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My Requirements: Get a Timestamp (which is stored in UTC) from a database ResultSet and do it in a thread-safe way.

My code currently looks like this:

Calendar utcCal = Calendar.getInstance(TimeZone.getTimeZone("UTC"));
while(rs.next())
    rs.getTimestamp("utctime",utcCal);

...which works as expected; However seems quite costly to create a new Calendar object for each query (they are very frequent).

I've been looking at Joda-time as a possible replacement, but can't quite figure out how to replace the Calendar with a Joda-time thread-safe object. It would be ideal to create a static final Joda-Time thread-safe Calendar replacement that all queries can use.

Any ideas for a less costly result-set iteration? Since Calendar is not thread safe, I cannot use a single shared instance.

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Why don't you use a constant as 2nd parameter? –  agad Jul 30 '13 at 14:10
    
What constant? I can't use Calendar as a constant because it's not thread safe. Edit: I think i see what you mean -- adjusted question –  bradvido Jul 30 '13 at 14:14

2 Answers 2

Use synchronized key word?

        synchronized (CALENDAR) {
        CALENDAR.setTimeInMillis(System.currentTimeMillis());
        while(rs.next()){
            rs.getTimestamp("utctime", CALENDAR);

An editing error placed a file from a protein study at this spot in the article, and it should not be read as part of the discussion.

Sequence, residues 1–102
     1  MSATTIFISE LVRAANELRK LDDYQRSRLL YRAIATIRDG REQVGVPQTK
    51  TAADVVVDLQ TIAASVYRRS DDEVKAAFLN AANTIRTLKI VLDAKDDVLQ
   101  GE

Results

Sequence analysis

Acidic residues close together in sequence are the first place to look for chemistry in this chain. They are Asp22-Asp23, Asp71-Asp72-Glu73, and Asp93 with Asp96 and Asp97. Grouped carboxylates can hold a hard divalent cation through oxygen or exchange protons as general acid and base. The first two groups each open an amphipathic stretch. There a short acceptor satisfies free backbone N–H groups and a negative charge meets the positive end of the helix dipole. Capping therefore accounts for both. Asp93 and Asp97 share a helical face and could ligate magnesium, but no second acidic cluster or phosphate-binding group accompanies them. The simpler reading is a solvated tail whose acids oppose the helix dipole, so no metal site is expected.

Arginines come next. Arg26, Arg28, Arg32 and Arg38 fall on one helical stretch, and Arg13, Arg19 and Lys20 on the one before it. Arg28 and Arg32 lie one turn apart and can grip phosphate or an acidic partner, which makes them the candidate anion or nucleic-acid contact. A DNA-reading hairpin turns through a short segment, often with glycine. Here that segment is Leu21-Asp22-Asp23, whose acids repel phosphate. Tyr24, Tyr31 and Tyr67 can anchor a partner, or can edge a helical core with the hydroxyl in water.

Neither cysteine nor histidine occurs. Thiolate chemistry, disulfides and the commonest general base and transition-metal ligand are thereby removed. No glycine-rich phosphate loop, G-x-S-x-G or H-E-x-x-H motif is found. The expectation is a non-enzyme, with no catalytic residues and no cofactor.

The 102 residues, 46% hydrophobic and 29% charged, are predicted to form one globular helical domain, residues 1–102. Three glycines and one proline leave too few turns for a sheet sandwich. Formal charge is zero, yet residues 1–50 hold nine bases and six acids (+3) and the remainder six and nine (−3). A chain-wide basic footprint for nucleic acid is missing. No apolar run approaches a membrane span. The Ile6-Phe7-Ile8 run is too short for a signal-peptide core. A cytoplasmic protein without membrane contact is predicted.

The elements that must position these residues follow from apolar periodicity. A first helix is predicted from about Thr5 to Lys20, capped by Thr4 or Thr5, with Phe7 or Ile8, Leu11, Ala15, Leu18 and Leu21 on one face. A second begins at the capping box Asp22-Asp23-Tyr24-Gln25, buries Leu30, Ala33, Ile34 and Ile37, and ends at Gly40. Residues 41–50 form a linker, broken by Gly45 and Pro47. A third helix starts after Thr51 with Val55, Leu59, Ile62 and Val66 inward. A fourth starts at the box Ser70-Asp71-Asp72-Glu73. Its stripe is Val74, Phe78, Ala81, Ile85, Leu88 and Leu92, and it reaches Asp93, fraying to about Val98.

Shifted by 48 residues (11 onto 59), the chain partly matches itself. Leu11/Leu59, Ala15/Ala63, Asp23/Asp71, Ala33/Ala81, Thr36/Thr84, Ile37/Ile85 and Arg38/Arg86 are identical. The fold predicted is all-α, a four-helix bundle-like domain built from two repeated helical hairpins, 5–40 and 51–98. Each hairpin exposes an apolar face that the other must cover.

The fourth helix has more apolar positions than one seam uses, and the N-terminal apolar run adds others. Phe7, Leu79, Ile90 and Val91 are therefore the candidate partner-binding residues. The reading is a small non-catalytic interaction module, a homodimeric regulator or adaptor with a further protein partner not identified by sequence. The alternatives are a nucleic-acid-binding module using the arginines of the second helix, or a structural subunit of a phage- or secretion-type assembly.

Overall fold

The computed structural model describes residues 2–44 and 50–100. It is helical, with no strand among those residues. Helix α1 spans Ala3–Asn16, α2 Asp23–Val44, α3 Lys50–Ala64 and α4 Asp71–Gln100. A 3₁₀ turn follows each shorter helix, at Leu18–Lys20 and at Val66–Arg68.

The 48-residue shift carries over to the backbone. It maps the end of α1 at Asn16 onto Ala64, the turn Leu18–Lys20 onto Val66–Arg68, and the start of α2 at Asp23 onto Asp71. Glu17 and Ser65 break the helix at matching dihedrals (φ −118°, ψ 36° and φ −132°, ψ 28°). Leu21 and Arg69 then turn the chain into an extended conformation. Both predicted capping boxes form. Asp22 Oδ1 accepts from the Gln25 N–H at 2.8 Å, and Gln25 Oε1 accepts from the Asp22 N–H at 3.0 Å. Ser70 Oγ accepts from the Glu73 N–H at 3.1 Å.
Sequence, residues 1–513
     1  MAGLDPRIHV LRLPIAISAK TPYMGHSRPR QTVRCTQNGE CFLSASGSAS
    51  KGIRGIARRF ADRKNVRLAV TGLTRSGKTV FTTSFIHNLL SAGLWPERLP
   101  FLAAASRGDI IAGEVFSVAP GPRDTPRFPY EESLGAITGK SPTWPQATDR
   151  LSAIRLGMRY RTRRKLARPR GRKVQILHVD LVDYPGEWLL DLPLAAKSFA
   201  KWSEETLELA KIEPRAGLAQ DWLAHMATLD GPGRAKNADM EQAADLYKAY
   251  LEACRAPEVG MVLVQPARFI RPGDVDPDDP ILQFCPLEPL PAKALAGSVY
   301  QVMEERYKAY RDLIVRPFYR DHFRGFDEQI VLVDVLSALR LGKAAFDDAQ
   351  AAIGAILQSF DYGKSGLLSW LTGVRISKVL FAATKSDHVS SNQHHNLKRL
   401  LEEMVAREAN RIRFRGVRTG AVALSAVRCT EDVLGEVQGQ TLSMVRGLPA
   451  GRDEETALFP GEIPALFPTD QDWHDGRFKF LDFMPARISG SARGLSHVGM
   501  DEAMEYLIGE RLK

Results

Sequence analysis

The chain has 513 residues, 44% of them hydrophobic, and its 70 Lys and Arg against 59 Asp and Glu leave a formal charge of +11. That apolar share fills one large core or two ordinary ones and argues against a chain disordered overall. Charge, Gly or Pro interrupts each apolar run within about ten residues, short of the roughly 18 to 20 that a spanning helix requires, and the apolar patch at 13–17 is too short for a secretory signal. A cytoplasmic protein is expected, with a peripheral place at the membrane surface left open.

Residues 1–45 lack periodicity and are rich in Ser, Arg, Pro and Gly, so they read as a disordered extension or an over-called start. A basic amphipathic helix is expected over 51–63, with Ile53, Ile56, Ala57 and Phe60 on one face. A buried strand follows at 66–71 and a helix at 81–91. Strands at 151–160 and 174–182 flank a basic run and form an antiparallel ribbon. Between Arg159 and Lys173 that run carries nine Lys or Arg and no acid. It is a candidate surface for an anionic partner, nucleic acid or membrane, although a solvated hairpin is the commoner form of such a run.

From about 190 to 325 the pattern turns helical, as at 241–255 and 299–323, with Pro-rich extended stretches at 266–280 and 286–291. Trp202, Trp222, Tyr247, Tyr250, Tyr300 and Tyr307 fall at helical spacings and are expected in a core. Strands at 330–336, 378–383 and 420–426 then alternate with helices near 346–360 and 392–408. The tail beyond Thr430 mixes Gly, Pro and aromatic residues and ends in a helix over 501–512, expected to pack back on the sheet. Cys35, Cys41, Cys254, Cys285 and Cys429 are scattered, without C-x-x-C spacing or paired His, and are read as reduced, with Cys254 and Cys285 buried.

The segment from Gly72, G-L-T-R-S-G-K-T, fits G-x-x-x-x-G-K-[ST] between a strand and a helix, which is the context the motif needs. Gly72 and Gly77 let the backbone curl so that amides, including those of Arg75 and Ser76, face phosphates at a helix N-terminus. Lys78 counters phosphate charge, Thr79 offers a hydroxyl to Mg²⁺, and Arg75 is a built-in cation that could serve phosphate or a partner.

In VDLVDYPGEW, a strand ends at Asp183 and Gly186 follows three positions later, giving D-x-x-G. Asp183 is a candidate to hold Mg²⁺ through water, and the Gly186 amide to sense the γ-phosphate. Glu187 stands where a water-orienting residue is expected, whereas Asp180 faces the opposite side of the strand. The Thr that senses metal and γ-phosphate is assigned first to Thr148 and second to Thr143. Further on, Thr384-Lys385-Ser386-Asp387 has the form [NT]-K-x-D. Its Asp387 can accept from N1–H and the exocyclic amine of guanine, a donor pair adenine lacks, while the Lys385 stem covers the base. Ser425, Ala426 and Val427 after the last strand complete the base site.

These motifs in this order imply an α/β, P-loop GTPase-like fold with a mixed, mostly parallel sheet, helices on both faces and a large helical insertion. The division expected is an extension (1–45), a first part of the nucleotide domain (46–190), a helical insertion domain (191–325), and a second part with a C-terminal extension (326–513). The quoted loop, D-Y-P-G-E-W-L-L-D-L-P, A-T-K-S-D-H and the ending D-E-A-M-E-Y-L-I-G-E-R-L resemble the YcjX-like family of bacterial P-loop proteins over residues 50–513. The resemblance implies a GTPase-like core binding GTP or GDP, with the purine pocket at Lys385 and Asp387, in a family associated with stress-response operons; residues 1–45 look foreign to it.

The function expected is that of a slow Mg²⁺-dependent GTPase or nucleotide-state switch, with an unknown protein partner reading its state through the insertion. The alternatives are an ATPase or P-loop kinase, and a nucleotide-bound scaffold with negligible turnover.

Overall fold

//rest of code
        } 
    }
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I think this would create too much of a bottleneck because there will be a lot of threads running this method at the same time -- the waiting for the lock to release would likely be more costly (in time) than creating a new Calendar instance for each query. –  bradvido Jul 30 '13 at 14:31

You could use a ThreadLocal<Calendar>. This way, each thread will have its own, unique Calendar instance:

public static final ThreadLocal<Calendar> RESULT_SET_CALENDAR = new ThreadLocal<Calendar>() {
    @Override 
    protected Calendar initialValue() {
        Calendar calendar = Calendar.getInstance();
        // set appropriate timezone
        return calendar;
    }
};

while (rs.next()) {
    Timestamp timestamp = rs.getTimestamp("utctime", RESULT_SET_CALENDAR.get());
    ...
}

That said, I'm not sure creating a new Calendar each time is so costly compared to the time needed to execute SQL queries. My guess is that you'll have a negligible performance gain, if any.

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You're right that it's not a huge cost but it still bugs me that the native Calendar is not thread safe and even doing simple "gets" on it causes it to mutate. –  bradvido Jul 30 '13 at 14:37

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